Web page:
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The fundamental problem here is the need to output in multiple markup languages. [...] However, Django simply does not work at the level of abstraction that would allow multiple output languages.

The Django people have always been quite up-front about their goal of providing a full-stack framework with all basic components included and tested rather than an all-singing, all-dancing, pluggable and composable architecture. I can't say what they've come up with is to my personal tastes but it's a perfectly reasonable design choice. "What real world problems would such a change solve" is a similarly reasonable and pragmatic question. "Tough. Django produces XHTML" makes them sound like bigger jerks than they probably are!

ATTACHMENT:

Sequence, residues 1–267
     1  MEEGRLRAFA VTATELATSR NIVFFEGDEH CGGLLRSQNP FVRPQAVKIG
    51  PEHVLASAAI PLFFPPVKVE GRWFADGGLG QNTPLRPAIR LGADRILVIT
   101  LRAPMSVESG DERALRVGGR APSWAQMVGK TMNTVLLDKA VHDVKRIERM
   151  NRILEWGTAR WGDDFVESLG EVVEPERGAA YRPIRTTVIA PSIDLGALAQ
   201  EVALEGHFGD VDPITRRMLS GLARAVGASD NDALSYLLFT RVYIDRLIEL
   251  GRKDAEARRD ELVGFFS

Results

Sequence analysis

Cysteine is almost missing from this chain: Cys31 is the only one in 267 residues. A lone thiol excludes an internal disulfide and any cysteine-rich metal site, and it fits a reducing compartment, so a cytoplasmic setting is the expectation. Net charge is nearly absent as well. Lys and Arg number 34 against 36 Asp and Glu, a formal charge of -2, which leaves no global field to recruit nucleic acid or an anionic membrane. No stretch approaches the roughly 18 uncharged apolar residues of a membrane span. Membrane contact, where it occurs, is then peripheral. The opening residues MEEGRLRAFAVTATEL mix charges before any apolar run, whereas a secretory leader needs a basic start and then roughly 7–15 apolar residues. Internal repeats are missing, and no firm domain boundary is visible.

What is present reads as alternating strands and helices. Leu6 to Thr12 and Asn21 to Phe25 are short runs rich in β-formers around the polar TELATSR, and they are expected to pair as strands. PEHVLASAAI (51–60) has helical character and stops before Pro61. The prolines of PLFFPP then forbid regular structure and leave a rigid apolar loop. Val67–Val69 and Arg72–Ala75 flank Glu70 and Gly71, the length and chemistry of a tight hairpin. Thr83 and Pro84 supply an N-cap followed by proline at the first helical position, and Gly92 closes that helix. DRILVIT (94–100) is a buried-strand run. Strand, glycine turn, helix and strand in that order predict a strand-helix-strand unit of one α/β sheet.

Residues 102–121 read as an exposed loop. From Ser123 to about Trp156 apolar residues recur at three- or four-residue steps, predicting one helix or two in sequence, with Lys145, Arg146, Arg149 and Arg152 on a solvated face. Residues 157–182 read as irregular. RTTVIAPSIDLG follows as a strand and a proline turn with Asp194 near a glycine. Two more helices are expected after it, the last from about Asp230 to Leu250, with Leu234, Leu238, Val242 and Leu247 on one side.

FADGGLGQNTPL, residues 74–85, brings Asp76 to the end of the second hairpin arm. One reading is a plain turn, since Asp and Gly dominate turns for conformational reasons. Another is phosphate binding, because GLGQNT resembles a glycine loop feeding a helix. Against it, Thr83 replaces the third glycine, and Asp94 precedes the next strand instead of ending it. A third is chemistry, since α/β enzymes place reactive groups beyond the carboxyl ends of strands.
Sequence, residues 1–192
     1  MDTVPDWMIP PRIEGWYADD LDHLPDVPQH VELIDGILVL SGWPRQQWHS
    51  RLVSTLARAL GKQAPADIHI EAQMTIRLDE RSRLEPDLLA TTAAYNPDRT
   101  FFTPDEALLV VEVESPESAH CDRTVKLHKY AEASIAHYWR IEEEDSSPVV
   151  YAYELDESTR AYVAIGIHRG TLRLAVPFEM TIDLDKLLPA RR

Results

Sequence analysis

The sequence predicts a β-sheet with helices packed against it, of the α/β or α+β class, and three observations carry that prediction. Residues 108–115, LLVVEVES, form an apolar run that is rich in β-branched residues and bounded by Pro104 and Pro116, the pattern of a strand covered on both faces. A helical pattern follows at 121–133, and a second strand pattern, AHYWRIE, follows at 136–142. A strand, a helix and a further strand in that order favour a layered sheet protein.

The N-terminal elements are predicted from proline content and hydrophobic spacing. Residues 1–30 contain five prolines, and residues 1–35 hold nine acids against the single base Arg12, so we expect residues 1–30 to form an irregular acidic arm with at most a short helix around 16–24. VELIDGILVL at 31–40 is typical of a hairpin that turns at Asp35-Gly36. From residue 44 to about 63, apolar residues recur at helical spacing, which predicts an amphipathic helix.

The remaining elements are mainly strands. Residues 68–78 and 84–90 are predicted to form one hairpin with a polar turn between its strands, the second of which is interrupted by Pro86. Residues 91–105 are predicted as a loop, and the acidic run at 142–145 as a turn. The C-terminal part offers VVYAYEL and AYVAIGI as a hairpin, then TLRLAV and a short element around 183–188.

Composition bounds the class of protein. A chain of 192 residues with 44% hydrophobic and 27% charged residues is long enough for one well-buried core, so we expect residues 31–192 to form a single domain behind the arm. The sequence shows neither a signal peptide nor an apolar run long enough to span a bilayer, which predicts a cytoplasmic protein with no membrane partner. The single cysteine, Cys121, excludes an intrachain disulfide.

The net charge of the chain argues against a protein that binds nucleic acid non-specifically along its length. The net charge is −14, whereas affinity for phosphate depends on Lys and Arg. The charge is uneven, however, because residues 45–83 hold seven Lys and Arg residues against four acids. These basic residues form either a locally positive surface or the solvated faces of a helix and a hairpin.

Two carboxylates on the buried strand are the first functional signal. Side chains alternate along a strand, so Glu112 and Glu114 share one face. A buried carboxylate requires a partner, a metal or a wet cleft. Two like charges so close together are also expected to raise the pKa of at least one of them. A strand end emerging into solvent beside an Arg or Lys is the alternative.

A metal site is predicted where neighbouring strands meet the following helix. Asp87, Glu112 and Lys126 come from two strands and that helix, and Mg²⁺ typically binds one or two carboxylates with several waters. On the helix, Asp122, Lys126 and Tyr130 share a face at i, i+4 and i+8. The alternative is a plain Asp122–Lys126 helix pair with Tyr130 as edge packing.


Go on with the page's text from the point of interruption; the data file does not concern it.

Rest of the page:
I think that one of Django's nicest benefits is that even though it isn't all singing/all dancing, you can make it do just about any song or any dance with some extra code. I'm not saying that don't have valid reasons to do otherwise, but I think it would be more inline with the "django philosophy" if you could make the HTML generation extensible.

It is and there are fixes out there for the HTML/XHTML thing but this is mostly an argument about defaults and built-ins.

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